ernst, spanking of the christ child in front of three witnesses,

The painting entitled Young Virgin Spanking the Infant Jesus In Front of Three Witnesses is a controversial work by Max Ernst.  It depicts the Virgin Mary spanking Jesus as an infant in view of Ernst, Andre Breton, and Paul Elard.  It is no wonder that such a painting would be considered controversial concerning the time period that it was produced.  This is due to the subject matter.  The depiction of Christ being spanked undermined a traditional belief in one of the most popular religions in the world.  Ernst depicted this image in retaliation of his father and the Catholic Church which Ernst saw as oppressors in his early life.

Ernst originally saw his father as a role model and aspired to pick up painting because it was his father’s hobby.  Their relationship changed rapidly upon the death of Ernst’s’ older sister Maria.[1]  He associated her death as that of a corrupt divine will, and due to his father’s association with the Catholic Church, it did not take much for Ernst to see his father as an assassin of his sister.  Ernst possessed an active imagination which allowed him to make these types of connections.  The death of his sister shut down an outlet for the young Ernst to express himself and his imagination which only added to his frustrations.[2]  These frustrations with the church and his father would be displayed later in life through works such as Young Virgin Spanking the Infant Jesus In Front of Three Witnesses in which Ernst expressed the angst that he felt against these authority figures.

The subject matter of this painting is what lends itself to much controversy.   In the Christian faith, Jesus is the representation of God on Earth.  This means that Jesus was a perfect man who committed no sins.  This painting shakes the foundations of this religion by depicting its most important symbol as an imperfect child who must be scolded for his misbehavior.  This act of reprisal is also justified due to the usage of symbolism by depicting Mary’s halo still over her head while the infant Christ’s crown lies on the ground.   He has thus fallen from grace and is instead a normal human and no longer a deity.  This is all done while the artist and his friends watch in interest at the ongoing process.  Ernst is projecting a direct challenge to society to reevaluate its ideas on long held traditions.  It created a spark that propelled Ernst into the spotlight due to the sensitivity of the subject that was portrayed.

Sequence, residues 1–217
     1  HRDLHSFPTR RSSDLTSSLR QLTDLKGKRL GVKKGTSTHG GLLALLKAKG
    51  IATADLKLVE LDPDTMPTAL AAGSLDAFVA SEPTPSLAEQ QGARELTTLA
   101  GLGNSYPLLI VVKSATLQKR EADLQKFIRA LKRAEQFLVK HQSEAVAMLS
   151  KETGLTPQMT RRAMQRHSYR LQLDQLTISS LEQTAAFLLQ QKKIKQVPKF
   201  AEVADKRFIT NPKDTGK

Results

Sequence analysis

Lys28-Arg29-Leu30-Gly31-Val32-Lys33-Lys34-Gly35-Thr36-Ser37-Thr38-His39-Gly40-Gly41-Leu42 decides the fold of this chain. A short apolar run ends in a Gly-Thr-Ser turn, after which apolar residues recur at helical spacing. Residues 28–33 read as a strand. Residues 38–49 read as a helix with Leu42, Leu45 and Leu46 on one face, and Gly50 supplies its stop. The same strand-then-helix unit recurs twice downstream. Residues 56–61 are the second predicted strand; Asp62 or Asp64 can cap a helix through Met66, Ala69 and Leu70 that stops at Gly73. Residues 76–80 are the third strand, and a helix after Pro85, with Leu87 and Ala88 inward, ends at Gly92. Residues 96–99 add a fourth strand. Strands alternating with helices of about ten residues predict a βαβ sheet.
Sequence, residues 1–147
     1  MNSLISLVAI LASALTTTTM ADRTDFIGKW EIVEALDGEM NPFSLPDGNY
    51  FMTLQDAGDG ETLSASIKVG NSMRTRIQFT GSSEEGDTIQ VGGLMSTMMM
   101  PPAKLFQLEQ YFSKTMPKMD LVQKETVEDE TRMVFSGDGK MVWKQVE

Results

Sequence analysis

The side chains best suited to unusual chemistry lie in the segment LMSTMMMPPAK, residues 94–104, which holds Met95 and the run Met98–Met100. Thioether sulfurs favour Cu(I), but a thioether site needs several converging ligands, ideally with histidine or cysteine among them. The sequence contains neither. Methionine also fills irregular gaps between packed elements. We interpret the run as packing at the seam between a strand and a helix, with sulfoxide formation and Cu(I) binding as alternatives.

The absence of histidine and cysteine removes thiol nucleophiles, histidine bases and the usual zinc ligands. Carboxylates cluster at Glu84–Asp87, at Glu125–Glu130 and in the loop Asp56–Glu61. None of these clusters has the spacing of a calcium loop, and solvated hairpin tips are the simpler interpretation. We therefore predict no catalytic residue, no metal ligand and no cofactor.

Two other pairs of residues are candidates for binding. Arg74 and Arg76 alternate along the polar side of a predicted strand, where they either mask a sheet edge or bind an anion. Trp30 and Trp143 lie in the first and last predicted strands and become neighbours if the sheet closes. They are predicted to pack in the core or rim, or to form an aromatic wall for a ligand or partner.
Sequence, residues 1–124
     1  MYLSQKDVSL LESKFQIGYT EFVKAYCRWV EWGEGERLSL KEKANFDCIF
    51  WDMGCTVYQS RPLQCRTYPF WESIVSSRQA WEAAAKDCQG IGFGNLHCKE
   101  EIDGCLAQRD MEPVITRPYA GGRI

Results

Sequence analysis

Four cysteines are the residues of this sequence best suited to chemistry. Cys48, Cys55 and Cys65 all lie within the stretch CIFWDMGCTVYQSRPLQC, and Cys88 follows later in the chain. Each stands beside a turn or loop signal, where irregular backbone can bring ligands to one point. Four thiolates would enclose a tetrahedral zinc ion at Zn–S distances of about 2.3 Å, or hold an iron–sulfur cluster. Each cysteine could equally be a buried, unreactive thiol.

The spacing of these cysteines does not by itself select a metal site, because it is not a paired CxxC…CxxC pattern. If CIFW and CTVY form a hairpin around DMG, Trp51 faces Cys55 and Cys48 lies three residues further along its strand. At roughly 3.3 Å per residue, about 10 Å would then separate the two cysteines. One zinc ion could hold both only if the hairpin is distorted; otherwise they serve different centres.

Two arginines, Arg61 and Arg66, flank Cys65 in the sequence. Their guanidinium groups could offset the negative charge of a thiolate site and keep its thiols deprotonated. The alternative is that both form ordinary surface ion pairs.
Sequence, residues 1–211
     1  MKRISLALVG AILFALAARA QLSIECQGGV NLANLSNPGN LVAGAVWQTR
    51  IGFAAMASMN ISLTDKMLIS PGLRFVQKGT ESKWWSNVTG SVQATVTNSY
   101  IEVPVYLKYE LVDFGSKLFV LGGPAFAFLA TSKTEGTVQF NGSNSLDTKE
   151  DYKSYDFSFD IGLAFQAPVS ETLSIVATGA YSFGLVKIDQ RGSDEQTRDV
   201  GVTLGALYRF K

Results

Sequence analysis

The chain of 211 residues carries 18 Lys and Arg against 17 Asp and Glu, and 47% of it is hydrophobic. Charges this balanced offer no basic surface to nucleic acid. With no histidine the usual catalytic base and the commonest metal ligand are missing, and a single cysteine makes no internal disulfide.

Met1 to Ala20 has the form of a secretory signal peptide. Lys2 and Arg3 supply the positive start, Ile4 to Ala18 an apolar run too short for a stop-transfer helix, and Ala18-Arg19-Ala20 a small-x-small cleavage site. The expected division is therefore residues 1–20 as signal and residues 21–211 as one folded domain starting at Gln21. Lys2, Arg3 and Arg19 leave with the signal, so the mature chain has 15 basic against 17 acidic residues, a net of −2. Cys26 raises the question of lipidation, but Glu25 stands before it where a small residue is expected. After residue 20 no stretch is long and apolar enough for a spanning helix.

One other interesting feature that Max Ernst adds to this painting is the depiction of reddening on the child’s bottom and upper legs.  This is to suggest that the Virgin is not administering a light punishment, but she is instead giving a vicious reprimand.  This is more than likely a depiction of the types of punishment that Ernst himself experienced as a child.  Ernst sought to convey the punishment as intentional and severe by highlighting the affected areas.

This scene displays the dreamlike imagery which harkens back to that of de Chirico.   Ernst provides this feeling in the ways that the building around the virgin is shaped.   The house is shaped in non realistic ways and shown from different perspectives.  Walls are drawn so that they appear to be at sharp angles that do not allow the viewer to see where exactly they are standing in the house.  This element adds a sense of confusion which possesses a menacing quality as the painting is observed over time.  The confusion added by the setting helps add to the unsettling subject of the painting.

Max Ernst was able to depict his life experiences in ways that openly challenged society’s traditions with Virgin Spanking the Infant Jesus In Front of Three Witnesses.   Depicting the Christ child being reprimanded is a perfect subject because it shows people a different view of what they are told by others.  It not only displayed what Ernst experienced but denounced what he felt was the root cause of his anger.   This painting helped to establish Max Ernst at the forefront of the Surrealist movement by addressing such a controversial topic in the dreamlike manner common among the movement.

 

References

Russell, John. Max Ernst: Life and Work. New York: H.N. Abrams, 1967.


[1] John Russell, Max Ernst: Life and Work (New York: H.N. Abrams, 1967), 14.

[2] Ibid.

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